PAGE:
It is getting increasingly difficult to find reasonable values on the air-cooled 911 market and in some cases that requires we stretch our meaning of the term reasonable. Many would probably say we are long past the time when reasonable value could be found. When viewed strictly from a straight line performance standpoint there is some truth to that, but driving always has been about more than horsepower so I think we can still find options that connect and exhilarate. For many the appeal of open-top motoring only enhances the joy of driving so even though much of the country is rapidly slipping into the winter months we should still give a good Cabriolet our due consideration. I don’t know whether this one will end up as a reasonable value; at its current bidding it certainly qualifies as one, but as we saw last week asking prices have begun to get a little crazy for the 3.2 Carrera. But the mileage here isn’t ultra low so perhaps everything will come together nicely for what looks to be a good example of an early 911 Cabriolet. Here we have a Grand Prix White 1987 Porsche 911 Carrera Cabriolet, located in Michigan, with Burgundy interior and around 75K miles on it.
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With the 993, Porsche took a decidedly different path when it came to the Targa model. Gone was the famous roll hoop and targa panel over the front seats in favor of a large glass roof that slid open and concealed itself behind the rear window. The traditional Targa profile reappeared with the current generation 991, with a complex mechanism to handle the removable top. Ever one to favor simplicity, I could only imagine what such a mechanism would cost should it fail years down the road. The 993 Targa had what some would consider a large sunroof which retracted behind the rear window. Some complained of decreased rear visibility due to the glass panel’s tint, but others reveled in the open air enjoyment provided while keeping much of the Carrera’s signature roofline in tact. This 911 Carrera Targa for sale in New York is a one-owner example owned by a member of the Porsche Club of America, showing less than 40,000 miles on the odometer.
CLICK FOR DETAILS: 1996 Porsche 911 Carrera Targa on eBay
In the pantheon of very striking cars this Ferrari Yellow 1994 Porsche 911 Speedster has to rank pretty high. It doesn’t have the wild looks of the Italian counterparts from which it got its color, but it is nonetheless an eye-catching machine that I doubt would go unnoticed for long on any street. Furthermore, we really don’t see many Speedsters in these sorts of colors. They tend to be much more subdued. Some may look at this Speedster and think there is good reason for those typically subdued hues, but if you’re going to go for a rare car, then why not go all the way? As a potential part of any collection this Speedster should garner a good bit of attention.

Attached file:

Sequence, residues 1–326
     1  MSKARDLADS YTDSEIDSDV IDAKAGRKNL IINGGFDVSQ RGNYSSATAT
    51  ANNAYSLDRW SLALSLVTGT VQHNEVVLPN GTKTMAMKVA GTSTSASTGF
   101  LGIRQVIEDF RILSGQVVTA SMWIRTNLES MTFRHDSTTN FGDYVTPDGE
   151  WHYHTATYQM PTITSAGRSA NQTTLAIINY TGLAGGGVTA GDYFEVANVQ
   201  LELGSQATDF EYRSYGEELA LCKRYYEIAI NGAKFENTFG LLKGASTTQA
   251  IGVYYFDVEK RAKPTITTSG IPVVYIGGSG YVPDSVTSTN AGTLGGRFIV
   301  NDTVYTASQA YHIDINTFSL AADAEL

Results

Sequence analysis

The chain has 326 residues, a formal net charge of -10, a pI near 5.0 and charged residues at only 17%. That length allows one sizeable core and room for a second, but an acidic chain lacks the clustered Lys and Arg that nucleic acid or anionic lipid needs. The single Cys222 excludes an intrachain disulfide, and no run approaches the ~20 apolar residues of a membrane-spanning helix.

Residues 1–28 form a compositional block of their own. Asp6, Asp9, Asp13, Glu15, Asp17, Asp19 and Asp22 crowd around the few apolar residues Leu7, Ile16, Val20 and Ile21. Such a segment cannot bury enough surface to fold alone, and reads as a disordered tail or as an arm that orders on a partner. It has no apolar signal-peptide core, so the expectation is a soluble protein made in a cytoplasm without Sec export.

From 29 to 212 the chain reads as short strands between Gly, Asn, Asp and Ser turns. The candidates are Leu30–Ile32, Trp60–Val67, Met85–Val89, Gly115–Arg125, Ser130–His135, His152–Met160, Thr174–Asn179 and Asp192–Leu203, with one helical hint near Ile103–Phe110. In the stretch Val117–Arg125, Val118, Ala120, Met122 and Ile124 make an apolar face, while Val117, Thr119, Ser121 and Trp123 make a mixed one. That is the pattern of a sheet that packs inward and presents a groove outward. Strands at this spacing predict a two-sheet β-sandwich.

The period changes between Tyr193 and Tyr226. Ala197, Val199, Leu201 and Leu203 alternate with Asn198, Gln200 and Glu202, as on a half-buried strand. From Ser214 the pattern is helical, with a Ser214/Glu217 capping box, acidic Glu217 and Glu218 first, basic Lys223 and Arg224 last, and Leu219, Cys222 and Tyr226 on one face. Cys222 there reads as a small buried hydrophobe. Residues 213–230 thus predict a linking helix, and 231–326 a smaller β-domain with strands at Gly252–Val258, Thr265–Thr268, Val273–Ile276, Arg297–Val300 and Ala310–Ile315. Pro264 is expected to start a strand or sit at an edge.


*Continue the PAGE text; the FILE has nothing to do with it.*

CLICK FOR DETAILS: 1994 Porsche 911 Speedster on eBay
We naturally have a certain predilection toward rare cars here at GCFSB even if most of the cars, especially those made by Porsche, remain well beyond the means of those of us frequenting these pages. But that doesn’t make them any less cool to see. The model we see here, a 1991 Porsche 911 Carrera 4 Lightweight, was one I did not even know existed. The ad description is long, but it does a good job of providing the genesis and details of the build for the 964 C4 Lightweight. To summarize: the interior was completely stripped of everything that wasn’t essential, race seats and roll bar were added, and the weight savings were completed with aluminum front and rear deck lids and plexiglass side windows. Altogether 770 lbs were removed from the car, making it lighter than its rear-drive brother the Carrera RS. Mechanically, these were fit with an AWD system derived from the 953 Paris-Dakar rally car with controls to adjust the differential bias front to rear and left to right. A single-plate clutch, light flywheel, and shorter gear ratio would help deliver the power, and power itself was up to 265 hp in standard form (the example we see here is said to have an uprated version of the engine producing 300 hp). The 964 C4 Lightweight was in almost every way a racer designed simply to meet the demands of some enthusiastic collectors. What is perhaps the best part: from the outside the C4 Lightweight looks like a 964 with a whale tail and lowered suspension. There’s very little to suggest everything at play here. It’s wonderful!
CLICK FOR DETAILS: 1991 Porsche 911 Carrera 4 Leichtbau on Classic Driver
It’s been a while since I featured a RS America so I thought it might be a decent time to take a look at one once again. As a somewhat pared down and lightened version of the standard Carrera 2, Porsche intended the RS America to fill the void in our market due to our lack of the 964 Carrera RS. It was never intended to be the full RS, but with less weight, sport suspension, and few available options they still provided a nice alternative for the 911 buyer seeking a more no-frills performance coupe. Even better, the RS America was the cheapest 911 available at the time. That fact alone means they could have made a good deal of sense at the time of their release, but on the current market the RS America tends to be a much tougher sell due to the premium attached to them. At least, for anyone other than a collector. For collectors they can make good sense. But, with the exception of the very best examples, the market for them has more or less plateaued after seeing a sharp increase more than a year ago. As some of the more rare air cooled 911s have started to again appreciate we may see the RS America do the same. The example we see here is a Black 1993 Porsche 911 RS America, located in Florida, with 64,976 miles and which came ordered with all four available options.